According to the latest survey from the University Institute of Public Opinion, 7 out of 10 Salvadorans want their political representatives to repeal the newly instated Bitcoin law.
The institute presented the results of its massive, state-wide survey on September 2nd, showing that the law praised by the global crypto community lacks support among the people it actually applies to.
Citizens of El Salvador don’t believe Bitcoin will solve the country’s financial problems
The global crypto community has widely celebrated El Salvador’s newly introduced law, which declares Bitcoin legal tender in the country and equates it with the U.S. Many industry proponents believe President Nayib Bukele’s law will create a precedent that will push other countries to adopt cryptocurrencies as legal means of payment.
However, it seems that the people Bukele’s new law applies to aren’t all too happy about the changes they are about to face.
The Institute of Public Opinion, a non-profit organization from the José Simeón Cañas Central American University, published the results of a state-wide survey yesterday morning analyzing some of the pain points Salvadorans feel.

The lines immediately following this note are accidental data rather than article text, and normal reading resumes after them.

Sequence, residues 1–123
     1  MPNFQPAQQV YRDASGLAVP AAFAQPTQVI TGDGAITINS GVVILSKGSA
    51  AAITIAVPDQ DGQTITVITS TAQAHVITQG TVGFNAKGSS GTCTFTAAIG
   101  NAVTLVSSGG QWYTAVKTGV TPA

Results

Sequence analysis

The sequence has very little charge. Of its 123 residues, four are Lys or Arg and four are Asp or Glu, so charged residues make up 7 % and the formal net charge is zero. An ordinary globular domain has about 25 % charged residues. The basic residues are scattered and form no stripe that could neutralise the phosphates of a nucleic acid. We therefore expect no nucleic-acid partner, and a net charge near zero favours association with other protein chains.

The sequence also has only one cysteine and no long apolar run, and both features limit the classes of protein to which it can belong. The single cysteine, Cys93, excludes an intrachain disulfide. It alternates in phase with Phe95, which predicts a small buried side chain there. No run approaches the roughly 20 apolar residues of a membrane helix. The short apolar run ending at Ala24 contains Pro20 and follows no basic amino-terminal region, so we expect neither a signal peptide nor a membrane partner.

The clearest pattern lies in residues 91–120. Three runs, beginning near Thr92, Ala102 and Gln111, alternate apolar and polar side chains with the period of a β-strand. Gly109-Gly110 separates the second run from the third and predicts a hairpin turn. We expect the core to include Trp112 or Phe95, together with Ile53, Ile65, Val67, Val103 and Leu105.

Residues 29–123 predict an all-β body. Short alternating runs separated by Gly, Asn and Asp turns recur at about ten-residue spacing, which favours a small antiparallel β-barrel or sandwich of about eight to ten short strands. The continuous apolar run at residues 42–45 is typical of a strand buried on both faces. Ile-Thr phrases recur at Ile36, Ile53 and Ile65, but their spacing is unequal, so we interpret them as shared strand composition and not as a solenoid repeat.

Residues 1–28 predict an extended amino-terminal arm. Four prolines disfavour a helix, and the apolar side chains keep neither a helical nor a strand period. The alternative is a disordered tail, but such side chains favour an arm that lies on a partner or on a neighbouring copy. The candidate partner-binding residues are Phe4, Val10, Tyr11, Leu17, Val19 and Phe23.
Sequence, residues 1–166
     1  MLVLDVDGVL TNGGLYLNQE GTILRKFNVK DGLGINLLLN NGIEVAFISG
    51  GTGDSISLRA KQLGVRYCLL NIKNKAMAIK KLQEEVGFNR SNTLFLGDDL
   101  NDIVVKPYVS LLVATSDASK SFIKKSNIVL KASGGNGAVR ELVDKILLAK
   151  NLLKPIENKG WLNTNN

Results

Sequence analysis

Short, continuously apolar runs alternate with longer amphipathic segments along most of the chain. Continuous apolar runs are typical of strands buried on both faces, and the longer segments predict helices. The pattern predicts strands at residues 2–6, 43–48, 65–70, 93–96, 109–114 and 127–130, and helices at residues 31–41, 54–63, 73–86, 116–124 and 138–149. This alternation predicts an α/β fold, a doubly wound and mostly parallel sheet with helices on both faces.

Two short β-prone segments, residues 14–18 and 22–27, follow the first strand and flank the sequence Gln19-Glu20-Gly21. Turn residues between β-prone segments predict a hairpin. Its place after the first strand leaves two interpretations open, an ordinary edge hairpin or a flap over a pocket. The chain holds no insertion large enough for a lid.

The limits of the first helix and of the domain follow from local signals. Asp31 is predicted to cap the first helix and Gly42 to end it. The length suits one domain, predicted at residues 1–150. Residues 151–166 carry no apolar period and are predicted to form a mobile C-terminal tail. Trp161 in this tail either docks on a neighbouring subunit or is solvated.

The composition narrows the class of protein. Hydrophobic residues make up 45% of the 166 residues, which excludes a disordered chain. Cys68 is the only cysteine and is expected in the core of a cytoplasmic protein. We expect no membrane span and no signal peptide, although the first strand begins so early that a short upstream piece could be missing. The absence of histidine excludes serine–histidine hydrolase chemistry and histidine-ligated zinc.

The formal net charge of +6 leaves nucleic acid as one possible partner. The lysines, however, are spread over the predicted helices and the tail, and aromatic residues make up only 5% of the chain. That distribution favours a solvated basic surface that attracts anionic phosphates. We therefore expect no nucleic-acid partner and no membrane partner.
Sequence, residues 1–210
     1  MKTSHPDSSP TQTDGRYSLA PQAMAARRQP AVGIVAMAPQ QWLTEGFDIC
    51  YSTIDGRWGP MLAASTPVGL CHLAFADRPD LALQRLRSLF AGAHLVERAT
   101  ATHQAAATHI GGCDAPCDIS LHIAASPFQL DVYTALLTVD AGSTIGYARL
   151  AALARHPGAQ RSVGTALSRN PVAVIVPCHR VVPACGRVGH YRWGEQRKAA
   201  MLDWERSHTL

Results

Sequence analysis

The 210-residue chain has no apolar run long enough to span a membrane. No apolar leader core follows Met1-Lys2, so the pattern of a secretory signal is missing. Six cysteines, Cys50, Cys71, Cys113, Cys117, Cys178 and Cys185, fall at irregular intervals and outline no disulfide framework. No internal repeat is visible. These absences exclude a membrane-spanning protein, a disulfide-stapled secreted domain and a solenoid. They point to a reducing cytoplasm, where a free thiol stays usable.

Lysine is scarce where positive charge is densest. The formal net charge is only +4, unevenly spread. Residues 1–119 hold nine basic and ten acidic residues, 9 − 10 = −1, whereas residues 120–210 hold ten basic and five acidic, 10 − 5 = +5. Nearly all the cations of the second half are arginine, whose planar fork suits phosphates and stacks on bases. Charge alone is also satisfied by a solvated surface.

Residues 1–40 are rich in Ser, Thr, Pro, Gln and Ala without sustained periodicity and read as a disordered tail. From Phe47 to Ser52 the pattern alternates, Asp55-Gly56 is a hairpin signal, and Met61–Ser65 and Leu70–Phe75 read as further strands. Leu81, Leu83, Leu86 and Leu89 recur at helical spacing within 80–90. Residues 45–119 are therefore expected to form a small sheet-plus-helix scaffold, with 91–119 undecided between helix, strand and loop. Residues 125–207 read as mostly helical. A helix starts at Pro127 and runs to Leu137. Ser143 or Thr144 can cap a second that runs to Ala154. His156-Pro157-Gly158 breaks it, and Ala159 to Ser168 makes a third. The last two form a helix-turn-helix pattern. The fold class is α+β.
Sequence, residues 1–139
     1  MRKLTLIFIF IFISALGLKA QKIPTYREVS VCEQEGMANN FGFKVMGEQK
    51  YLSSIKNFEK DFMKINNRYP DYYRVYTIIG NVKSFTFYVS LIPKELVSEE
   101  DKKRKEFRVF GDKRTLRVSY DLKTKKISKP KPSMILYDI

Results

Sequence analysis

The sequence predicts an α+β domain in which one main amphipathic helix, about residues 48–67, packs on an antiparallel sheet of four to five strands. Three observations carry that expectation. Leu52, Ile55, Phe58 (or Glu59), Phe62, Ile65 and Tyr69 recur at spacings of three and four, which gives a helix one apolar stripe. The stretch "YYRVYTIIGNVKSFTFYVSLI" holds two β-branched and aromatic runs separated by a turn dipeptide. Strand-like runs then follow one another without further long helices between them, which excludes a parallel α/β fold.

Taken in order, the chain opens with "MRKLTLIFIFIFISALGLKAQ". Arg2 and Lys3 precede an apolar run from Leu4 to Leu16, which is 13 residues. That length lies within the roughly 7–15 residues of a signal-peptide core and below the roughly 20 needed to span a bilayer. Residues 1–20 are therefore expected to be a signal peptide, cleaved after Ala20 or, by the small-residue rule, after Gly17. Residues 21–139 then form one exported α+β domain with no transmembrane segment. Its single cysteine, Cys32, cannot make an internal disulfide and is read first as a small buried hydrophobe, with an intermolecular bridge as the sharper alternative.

The survey revealed that 45% of the people believe the main problems in El Salvador are poverty and unemployment. A whopping 67.7% of respondents said that they didn’t believe their situation would be improved by raising the minimum wage.
Furthermore, Salvadorans gave President Nayib Bukele a 7.64 rating, the lowest ever recorded for the 40-year-old since he was elected in 2019.
The lack of support for Bukele has translated into a lack of support for the upcoming Bitcoin law, as well. According to the survey, 7 out of 10 Salvadorans believe that the Bitcoin law should be repelled. Additionally, 20% of the people stated that they didn’t trust Bitcoin.
#ElSalvador | Según encuesta del @IudopUCA, 2 de cada 10 salvadoreños no confían en el #Bitcoin. Foto EDH/ J. Guzmán. pic.twitter.com/Qu91n9ozmD
— elsalvador.com (@elsalvadorcom) September 2, 2021
Andreu Oliva, the University’s rector, said that the survey revealed that the population was misinformed about Bitcoin and the upcoming law. The misinformation could be what fueled the recent protests that took place in the country’s capital.
However, the country’s massive efforts to bring Bitcoin closer to the masses have the potential to counter the rising anti-crypto sentiment.
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